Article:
Better weather forecasting and warnings save lives and property – insights from Moldova
By Daniel Werner Kull
“WEATHER ALERT! AFTER THE HEAT, STORMS AND HAIL WILL COME”
Moldovans received this yellow-level alert from the authorities, and through various media sources, around lunchtime on September 3, 2019, which gave them about 6 hours to ensure they were in a safe place when the storm hit.
Where did this warning come from?
It came from Moldova’s State Hydrometeorological Service, which is responsible for monitoring and forecasting the weather and helping to protect people by providing warnings if something dangerous is on the way.
Moldova frequently experiences severe weather events such as storms, floods, extreme temperatures and droughts. The storms on the night of September 3, 2019, ended up producing heavy rain, hail and strong winds, causing significant crop damage and electricity outages. And, due to climate change, it is projected that the country will face more extreme weather like this in the future.
Because of this increasing risk, the World Bank and the Global Facility for Disaster Reduction and Recovery have been helping Moldova strengthen its climate resilience, including modernizing the State Hydrometeorological Service. For example, a weather radar installed at Chisinau International Airport enables the State Hydrometeorological Service to track precipitation and wind as storms enter and pass through the country.
As part of a unified weather radar system, which constantly shares and receives data from the Romanian National Meteorological Administration, Moldova also benefits from seeing what is happening outside of the country, by watching weather phenomena develop and approach it. Just like the storm on September 3, 2019.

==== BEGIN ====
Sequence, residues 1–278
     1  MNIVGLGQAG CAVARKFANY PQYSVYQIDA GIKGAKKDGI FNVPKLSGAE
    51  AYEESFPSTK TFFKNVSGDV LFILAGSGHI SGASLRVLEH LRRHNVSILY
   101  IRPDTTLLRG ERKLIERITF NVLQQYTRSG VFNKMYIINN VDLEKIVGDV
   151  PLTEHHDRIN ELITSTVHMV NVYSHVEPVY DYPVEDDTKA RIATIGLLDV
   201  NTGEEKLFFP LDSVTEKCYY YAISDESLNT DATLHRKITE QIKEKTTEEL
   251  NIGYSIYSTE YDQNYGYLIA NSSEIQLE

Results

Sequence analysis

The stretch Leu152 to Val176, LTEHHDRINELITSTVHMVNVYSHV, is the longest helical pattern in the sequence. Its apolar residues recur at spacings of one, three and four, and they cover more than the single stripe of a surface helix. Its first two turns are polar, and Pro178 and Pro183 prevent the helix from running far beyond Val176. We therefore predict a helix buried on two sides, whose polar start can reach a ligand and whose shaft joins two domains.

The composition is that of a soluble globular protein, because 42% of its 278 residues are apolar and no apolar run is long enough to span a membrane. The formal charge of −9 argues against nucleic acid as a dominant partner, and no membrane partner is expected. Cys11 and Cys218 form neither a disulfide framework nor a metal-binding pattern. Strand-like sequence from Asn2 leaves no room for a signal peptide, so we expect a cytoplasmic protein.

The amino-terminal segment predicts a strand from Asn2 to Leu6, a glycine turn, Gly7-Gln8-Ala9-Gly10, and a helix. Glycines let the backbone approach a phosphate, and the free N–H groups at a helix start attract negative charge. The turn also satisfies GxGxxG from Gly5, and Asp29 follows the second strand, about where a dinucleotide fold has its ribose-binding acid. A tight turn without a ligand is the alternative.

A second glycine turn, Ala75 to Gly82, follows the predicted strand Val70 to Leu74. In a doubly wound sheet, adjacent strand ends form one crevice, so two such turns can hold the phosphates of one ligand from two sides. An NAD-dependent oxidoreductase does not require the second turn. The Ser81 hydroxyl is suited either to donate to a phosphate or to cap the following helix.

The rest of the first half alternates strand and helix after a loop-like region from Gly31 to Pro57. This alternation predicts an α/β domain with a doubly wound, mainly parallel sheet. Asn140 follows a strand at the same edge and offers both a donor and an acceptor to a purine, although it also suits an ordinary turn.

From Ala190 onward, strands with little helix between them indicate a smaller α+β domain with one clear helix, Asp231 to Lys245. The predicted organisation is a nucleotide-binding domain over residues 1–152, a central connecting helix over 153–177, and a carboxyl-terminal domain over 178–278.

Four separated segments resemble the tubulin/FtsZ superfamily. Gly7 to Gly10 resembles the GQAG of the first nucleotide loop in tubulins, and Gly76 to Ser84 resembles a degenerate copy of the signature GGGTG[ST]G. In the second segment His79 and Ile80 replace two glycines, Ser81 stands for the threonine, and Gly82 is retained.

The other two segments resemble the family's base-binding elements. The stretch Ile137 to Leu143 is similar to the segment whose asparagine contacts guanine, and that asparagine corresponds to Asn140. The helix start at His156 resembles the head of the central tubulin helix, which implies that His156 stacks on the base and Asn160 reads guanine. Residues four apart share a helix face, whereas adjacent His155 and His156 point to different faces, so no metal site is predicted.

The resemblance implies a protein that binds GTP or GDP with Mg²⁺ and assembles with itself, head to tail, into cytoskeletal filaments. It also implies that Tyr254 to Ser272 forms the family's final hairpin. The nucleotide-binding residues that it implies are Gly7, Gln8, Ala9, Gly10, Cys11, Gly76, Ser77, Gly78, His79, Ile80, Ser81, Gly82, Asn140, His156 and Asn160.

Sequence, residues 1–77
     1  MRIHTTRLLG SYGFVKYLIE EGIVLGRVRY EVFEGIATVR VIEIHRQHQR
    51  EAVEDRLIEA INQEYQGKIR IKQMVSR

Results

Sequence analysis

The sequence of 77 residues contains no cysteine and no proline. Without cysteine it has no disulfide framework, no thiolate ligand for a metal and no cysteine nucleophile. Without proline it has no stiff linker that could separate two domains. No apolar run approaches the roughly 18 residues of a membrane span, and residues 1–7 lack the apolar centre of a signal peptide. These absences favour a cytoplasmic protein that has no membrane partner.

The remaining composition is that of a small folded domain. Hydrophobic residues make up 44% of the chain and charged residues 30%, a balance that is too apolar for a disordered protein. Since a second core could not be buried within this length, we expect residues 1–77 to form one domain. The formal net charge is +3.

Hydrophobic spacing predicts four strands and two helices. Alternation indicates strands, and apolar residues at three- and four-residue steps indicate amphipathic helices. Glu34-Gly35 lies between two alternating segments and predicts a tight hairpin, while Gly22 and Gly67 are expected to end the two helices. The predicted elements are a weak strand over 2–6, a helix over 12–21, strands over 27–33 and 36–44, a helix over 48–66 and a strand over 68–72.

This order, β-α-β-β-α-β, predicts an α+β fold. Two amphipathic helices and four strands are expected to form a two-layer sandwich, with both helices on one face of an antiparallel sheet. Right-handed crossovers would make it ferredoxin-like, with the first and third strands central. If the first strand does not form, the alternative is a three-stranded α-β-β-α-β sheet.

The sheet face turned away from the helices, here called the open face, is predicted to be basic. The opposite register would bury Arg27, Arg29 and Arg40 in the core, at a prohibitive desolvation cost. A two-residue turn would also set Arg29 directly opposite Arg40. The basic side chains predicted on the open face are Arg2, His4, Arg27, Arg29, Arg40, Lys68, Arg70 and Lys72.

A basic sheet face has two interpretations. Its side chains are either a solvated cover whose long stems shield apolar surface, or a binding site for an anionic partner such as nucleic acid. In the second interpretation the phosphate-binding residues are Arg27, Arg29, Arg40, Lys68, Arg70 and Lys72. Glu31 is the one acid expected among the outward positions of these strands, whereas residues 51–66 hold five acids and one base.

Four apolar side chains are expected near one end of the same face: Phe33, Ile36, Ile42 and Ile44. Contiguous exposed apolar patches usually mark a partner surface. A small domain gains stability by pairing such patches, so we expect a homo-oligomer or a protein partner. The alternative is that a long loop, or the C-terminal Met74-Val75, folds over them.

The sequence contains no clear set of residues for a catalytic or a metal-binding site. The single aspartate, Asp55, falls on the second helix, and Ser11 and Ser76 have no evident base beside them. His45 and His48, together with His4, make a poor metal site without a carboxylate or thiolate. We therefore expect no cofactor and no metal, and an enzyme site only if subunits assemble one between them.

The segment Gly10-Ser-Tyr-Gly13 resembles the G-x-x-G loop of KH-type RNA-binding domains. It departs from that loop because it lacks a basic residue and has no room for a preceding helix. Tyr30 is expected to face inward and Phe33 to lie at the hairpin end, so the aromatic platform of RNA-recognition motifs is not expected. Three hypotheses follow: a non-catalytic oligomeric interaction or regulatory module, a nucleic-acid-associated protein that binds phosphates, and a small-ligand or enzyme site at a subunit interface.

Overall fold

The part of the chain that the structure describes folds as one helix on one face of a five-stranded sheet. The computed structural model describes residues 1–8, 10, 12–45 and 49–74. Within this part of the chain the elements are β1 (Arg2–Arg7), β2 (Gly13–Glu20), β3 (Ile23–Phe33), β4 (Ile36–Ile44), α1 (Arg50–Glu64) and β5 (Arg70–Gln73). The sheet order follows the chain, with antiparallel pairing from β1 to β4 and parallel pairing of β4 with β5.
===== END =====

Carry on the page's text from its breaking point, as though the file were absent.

Modern automatic weather stations around Moldova ensure that the State Hydrometeorological Service knows what is happening on the ground in real-time. Measurements are provided to forecasters and fed into numerical weather prediction systems (computer models) operated by the Romanian National Meteorological Administration, simulating the weather four times per day at a high spatial resolution (2.8 km). The Romanian model covers all of Moldova, and the Romanian National Meteorological Administration has been sharing their model results with the State Hydrometeorological Service since 2015.
By blending local information with satellite data and European and Romanian weather models on modern workstations, specialists at the State Hydrometeorological Service have all the information they need to forecast the weather and, if needed, to issue warnings. The detailed official warning on September 3, 2019, issued at 11:40am, was:
“During the period 03.09, 18:00 to 04.09, 06:00 we expect atmospheric instability: rain accompanied by lightning, with isolated heavy rain (15-25 liters per square meter), hail and wind gusts up to 15-20 meters per second.”